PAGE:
December 15th, 2013 |
all news, coat of arms, graphic design, History, Med. School
The Geisel School’s thorough Visual Identity and Naming Conventions (pdf) state:
+ The Audrey and Theodor Geisel School of Medicine at Dartmouth
The Geisel School of Medicine at Dartmouth
Although the web version of the medical school magazine for Fall ’13 has no logo graphics on its table of contents, it describes itself in the masthead as “The magazine of the Geisel School of Medicine at Dartmouth”. The website of the school itself features this graphic:
Detail from Geisel School website, December 2013.
So far so good. This form of the name complies with the conventions.
But when one views the pdf version of the same magazine table of contents, one sees this:
Detail from Geisel School magazine, December 2013.
The school’s Youtube channel also follows this new form. Not only does this reordering violate the first rule of the Guidelines, it violates the second:
SECOND AND SUBSEQUENT REFERENCES:
+ Geisel School of Medicine at Dartmouth
+ Dartmouth’s Geisel School of Medicine
+ Geisel School of Medicine
This transition was first spotted by Joe Asch at Dartblog.
November 19th, 2013 |
all news, Charter, Country Club, graphic design, Hanover Inn, Hanover/Leb./Nor'ch., History, master planning, other projects, preservation, site updates, the Hop
An update of the “North Block” golf course development idea: Take a look at the Perkins + Will plan for the Poplar Point Development In Washington, D.C. Naturally Dartmouth wouldn’t need this density or scale, but it could learn from the extension of the existing street grid to form irregular quadrangular blocks; the treatment of the edge condition (the Anacostia River); and the accommodation of streams flowing through the site.
An update of the Hop expansion post: Of course! The new theater and entrance facade represent the final realization of Larson’s old 1940s Hop designs. In this post, a still image from a college video shows how Larson wanted to put a theater and a major entrance to the Hopkins Center on what was then College Street. And the Dartmouth has an article on the Boora project.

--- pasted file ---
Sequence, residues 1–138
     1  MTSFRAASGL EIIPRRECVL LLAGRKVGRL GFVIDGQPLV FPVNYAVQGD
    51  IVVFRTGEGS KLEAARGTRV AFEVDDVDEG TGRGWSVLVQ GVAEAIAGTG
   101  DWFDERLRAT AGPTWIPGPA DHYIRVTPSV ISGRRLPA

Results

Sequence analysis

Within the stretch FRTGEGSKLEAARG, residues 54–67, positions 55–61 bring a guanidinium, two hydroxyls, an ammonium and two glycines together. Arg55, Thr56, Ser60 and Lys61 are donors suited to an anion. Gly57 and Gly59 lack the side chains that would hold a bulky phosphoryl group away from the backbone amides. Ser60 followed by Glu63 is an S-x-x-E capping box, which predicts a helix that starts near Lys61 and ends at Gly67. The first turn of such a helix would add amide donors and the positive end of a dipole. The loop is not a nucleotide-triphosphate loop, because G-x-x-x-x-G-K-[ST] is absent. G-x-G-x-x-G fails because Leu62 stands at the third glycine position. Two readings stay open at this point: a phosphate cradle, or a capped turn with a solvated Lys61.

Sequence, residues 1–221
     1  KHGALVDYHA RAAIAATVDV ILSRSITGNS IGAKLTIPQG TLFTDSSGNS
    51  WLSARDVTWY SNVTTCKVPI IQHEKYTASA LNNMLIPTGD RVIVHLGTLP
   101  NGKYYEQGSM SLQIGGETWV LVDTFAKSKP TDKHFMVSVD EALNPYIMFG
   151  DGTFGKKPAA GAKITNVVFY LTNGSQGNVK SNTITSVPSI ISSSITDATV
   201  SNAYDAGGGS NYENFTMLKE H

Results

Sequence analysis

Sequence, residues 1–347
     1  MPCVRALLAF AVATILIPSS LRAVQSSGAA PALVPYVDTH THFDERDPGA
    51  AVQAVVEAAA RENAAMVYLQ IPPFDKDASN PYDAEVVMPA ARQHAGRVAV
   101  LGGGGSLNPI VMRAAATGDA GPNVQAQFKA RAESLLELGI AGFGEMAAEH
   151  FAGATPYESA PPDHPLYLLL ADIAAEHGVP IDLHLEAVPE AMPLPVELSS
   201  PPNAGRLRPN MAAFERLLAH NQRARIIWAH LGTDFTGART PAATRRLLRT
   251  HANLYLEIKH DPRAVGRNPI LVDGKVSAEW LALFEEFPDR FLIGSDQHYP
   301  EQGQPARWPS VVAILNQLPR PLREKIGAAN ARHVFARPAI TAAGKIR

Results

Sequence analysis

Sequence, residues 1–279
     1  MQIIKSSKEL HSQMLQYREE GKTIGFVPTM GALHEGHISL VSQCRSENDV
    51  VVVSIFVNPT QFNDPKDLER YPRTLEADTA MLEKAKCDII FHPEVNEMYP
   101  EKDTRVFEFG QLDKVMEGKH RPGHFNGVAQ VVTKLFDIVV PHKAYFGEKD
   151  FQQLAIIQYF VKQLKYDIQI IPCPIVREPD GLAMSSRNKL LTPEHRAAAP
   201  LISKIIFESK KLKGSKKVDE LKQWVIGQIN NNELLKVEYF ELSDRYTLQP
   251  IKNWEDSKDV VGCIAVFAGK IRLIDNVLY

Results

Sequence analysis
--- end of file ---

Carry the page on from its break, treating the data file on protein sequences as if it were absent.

I did not learn until recently that this memorable window, visible on the way to Hanover from West Leb, is called a “Vermont window” or a “witch window” (Wikipedia):
Dartmouth has been phasing out the “@alum.dartmouth.org” accounts and assigning everyone, past and present, an “@dartmouth.edu” address (only the address, not an account). This is neater than the old dual system where students had one address/account and alumni another. When the “@alum.dartmouth.org” accounts came in (during 1995 or 1996?) they seemed like an awkward solution. The rationale for creating the new domain was that Dartmouth was barred (by its interpretation of the government’s pre-ICANN rules, one supposes) from using the “.edu” domain for accounts assigned to anyone but employees and students. Yet Harvard came out with its “@post.harvard.edu” domain around that time, so it is hard to see that as the reason.
Although it was fun to use Blitzmail after college, the need for a personal, ISP-independent email account was soon satisfied more effectively on the Web by Hotmail (1996) and Yahoo Mail (1997). Students responded with WebBlitz (1998 or 1999?) but I don’t recall that it prevented the alumni accounts from slipping into some obscurity. The susceptibility of the alumni accounts to great volumes of spam did not help.
The Rauner Blog has a post on Sgt. Allen Scott Norton of WWI with photos of the trenches dug on the future site of Leverone Field House or Red Rolfe Field.
The Planner’s Blog has a post on a new war memorials map.
Finally a photo of new Hop entrance below the grand ballroom — and the ever-shrinking Zahm Courtyard. It is included in the war memorial map.